Having lived in Sri Lanka and Australia, the "different world" experience of Hanoi, Vietnam started with opening the drivers side door of my Taxi. A smile is the only language without any barriers and I had a fair share of it. So I still don't know what exactly the driver told me, but at the end we both smiled.
It was an evening flight and arrival was almost at dusk. The taxi flew though- under the legal speed limits- small crops of towns and I can almost sense Hanoi. The Chaos started to built up. By statistics motorcycles were taking over the street by sheer force of numbers. The appearance of the centre of Hanoi was similar to the ant colony I disturbed when I was young. Motorcyclists running in every directions, people trying to lurk into the roads and hit the opposite pavement by grace of god, wide opened shops selling various stuffs I have never seen or never want to eat, street sellers with large baskets they can barely carry, diners sitting on those tiny red plastic chairs slurping the pho noodle soup with sips of Bia(Beer) Saigon and my driver who was navigating the same street once again for the Third time trying to find the hotel among all these scenes- Chaos, plus it was a Sunday- Contrary to a Friday in Sydney. It was indeed a culture shock.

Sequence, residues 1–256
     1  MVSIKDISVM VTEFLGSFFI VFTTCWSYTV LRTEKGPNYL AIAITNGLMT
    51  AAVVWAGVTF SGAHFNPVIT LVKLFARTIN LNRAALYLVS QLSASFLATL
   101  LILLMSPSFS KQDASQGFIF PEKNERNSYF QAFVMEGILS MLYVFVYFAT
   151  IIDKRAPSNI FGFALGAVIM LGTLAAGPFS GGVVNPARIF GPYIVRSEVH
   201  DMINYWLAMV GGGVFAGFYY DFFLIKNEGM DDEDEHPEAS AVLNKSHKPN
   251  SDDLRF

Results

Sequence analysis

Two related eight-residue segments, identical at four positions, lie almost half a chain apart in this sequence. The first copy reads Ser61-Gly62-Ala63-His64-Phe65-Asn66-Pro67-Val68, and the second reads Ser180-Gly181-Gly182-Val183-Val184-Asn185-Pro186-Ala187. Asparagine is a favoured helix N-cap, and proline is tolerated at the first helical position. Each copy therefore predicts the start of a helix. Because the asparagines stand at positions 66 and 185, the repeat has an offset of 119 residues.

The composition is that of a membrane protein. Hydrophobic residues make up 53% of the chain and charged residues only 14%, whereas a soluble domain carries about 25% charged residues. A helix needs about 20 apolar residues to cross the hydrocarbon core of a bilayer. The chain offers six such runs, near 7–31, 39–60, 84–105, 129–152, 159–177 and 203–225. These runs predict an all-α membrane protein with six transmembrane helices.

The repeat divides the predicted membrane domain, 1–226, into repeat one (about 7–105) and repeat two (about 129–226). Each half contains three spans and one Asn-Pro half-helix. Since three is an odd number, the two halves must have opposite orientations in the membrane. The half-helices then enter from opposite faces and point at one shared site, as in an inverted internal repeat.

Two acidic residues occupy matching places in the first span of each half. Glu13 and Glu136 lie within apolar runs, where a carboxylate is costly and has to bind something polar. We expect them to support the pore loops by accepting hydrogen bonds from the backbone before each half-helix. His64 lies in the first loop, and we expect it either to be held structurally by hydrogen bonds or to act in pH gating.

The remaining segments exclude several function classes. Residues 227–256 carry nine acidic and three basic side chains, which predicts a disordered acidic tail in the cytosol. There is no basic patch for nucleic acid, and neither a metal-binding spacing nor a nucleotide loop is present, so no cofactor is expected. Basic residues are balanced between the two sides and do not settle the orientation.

Tired and straight to bed!!!
Next day, I was not expecting much of a difference between the night and the day. Everything was same except some locations of Hanoi Old Quarter particularly the Hoan Kiem Lakeside which had some morning ritual being performed- badminton, riverside open gym, Spanish dancing practices and various other community activities. Hanoi is a street and travel photographers paradise where the days can be endless- Enough said and well deserved. Negotiating this part of Vietnam while carrying multiple photography gear is always a painful process. However recent switch to Fujifilm made the process much easier. I was carrying a Fujifilm X-T2, Fujifilm X-E2S and a Fujifilm X100F which was generously sponsored by Fujifilm Australia for this trip, the latter is something special and it will make you feel special. Often I was carrying all three of them at the same time with different lenses except the Fujifilm X100F which has a fixed 23mm (~35mm equivalant) lens. Thanks to the technology behind all these new machines with great qualities and feather weights in relative terms. I got so much to share from Vietnam, so here are some pictures. In the Next post I will be trekking around the tribal villages in Northern Mountains of Vietnam.